• writing our company code of conduct and a bunch of people policies (like how to do performance management)
  • learning how to be a medium-good manager and teaching others to do the same
  • loads of stuff around feedback and culture
  • passed some audits (!!!)

People stuff and/or HR are often super obscure and opaque, which is annoying / counterintuitive / unhelpful. This evening someone told me I was “endearingly blunt” sooooo.

Another fun fact, we had a slack channel called Maria’s Life Advice for a pretty long time. The best content in there was how to make a great cheese toastie :ok_hand:


When you said that I just immediately thought of comedian Lou Sanders’ video on how to make toast. (Love her)


Do you have some form of a framework for this? More interested in how you calculate how much a developer should get paid depending on their experience?

How has Monzo changed since you joined? Does it feel like a different company now?

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Really sad to see you go, Maria! But thank you for everything you’ve done for Monzo - you will be so missed. Your new place is lucky to have you!

My question is, what is the worst misconception about human resources/people management you’ve come across?


The People team at Monzo feels very different from any HR department I’ve had to interact with - you all feel like you’re genuinely there to help, not to file papers in triplicate and shoo me out. I guess People vs HR feels like the difference between Monzo and my old Swedish bank.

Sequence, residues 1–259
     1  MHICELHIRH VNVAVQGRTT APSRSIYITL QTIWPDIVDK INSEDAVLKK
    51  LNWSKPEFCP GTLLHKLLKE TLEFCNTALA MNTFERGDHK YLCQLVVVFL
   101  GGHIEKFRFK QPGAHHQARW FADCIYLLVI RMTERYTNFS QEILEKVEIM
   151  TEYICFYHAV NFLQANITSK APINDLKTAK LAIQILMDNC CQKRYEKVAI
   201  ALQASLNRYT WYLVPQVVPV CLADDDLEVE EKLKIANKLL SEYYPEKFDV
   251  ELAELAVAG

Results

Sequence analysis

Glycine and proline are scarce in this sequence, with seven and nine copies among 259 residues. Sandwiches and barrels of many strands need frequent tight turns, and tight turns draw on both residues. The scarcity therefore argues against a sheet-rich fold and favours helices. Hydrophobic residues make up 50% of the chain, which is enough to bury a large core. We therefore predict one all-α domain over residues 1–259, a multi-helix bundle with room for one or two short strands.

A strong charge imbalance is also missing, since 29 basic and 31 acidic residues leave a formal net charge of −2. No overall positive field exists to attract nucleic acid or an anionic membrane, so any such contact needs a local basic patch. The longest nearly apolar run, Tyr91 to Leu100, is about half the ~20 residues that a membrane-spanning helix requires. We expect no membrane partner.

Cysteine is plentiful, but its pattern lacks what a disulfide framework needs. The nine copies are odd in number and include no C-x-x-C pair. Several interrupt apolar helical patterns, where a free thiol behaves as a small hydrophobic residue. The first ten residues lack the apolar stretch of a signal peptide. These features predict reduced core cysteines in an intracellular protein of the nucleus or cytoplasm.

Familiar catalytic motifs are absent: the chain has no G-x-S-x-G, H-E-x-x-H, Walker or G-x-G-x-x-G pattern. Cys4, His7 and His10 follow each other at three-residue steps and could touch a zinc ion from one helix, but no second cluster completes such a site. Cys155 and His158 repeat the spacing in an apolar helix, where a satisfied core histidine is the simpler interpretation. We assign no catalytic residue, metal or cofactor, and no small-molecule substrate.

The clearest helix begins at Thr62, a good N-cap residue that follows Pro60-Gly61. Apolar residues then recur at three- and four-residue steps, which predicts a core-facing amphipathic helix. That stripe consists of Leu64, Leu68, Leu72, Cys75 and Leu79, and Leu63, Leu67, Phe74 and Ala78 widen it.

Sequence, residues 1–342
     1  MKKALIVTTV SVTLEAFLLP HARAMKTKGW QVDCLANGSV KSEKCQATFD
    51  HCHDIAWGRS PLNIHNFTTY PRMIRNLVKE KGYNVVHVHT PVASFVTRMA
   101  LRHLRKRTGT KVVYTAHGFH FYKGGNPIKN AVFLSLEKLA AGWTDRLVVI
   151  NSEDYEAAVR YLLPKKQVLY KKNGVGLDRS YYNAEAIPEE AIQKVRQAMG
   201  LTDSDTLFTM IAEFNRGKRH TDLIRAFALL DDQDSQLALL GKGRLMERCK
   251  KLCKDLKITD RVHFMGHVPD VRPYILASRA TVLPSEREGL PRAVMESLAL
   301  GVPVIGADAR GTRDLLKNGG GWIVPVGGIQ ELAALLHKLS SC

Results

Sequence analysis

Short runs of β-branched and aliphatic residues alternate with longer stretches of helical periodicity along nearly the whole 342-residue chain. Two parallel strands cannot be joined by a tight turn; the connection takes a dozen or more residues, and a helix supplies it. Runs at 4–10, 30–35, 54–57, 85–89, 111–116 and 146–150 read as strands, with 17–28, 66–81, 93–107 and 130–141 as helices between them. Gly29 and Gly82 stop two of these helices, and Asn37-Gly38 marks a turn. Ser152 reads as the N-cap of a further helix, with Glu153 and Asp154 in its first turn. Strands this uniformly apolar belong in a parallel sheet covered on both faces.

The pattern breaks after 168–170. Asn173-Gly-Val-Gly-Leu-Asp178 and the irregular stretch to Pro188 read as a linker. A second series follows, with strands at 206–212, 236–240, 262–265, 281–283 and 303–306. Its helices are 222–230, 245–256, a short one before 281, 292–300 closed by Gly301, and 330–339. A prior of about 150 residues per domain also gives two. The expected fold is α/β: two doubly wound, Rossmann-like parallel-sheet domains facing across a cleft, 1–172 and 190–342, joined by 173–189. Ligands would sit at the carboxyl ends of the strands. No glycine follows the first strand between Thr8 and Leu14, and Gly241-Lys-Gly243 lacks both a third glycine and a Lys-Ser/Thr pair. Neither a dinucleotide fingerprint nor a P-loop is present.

I’m curious about how that came about, what are the driving forces behind it, and what would you say goes into being People?

Did you ever look at classic HR departments and think “how can we not be like that”? Conversely, what inspired you?

If I were setting up my own company, what advice would you give me for making it a truly great place to work?


Is the fact that you took astronomy the interesting part, or the fact that you took it at 14? If it’s the latter, that’s not that interesting… at least not in my secondary school, we were all entered into GCSE’s in year 9. I’ve got like 14 GCSE’s because of it :confused:


Thanks for the questions all, Maria will be here tomorrow to answer! :grinning:

Favourite books is so hard! My most-recommended ones at the moment are:

  • Ghana Must Go by Taiye Selasi.
    The pace and tone and rhythm of her writing are super poetic. Plus a really beautiful story, and well-developed believable characters.
  • The Wallcreeper by Nell Zink.
    It’s hard to describe, it’s kind of about relationships and dependencies and being human and birdwatching. The story is told in an experiential way - the Big Thing that happens gets about two sentences devoted to it, there’s a kind of import and weight and subjectivity to it all. It’s not a heavy-going literary read either, it’s quite short and you can kind of race through it and then immediately re-read it.

My go-to authors more generally are Margaret Atwood, Helen Oyeyemi and Zadie Smith.


I can’t speak for all women, or the whole of the tech industry.

I’m super privileged: I’m white, able-bodied, well-educated, present quite conventionally as ‘professional’ and female, sound middle-class and English, etc etc etc. So I haven’t faced anything like as many barriers as a lot of others do.

I also work in tech companies in a people role: traditionally HR is a function that has a high proportion of women working within it, so nobody is ever particularly surprised when a woman is in that role.

So, from that perspective, I don’t perceive the barriers in tech as being particularly different to the ones in the rest of society, but some of them are more pronounced, and it varies from place to place as well. You see the ‘times up’ and ‘me too’ phenomena, and it’s tech, journalism, media, academia, finance, everywhere.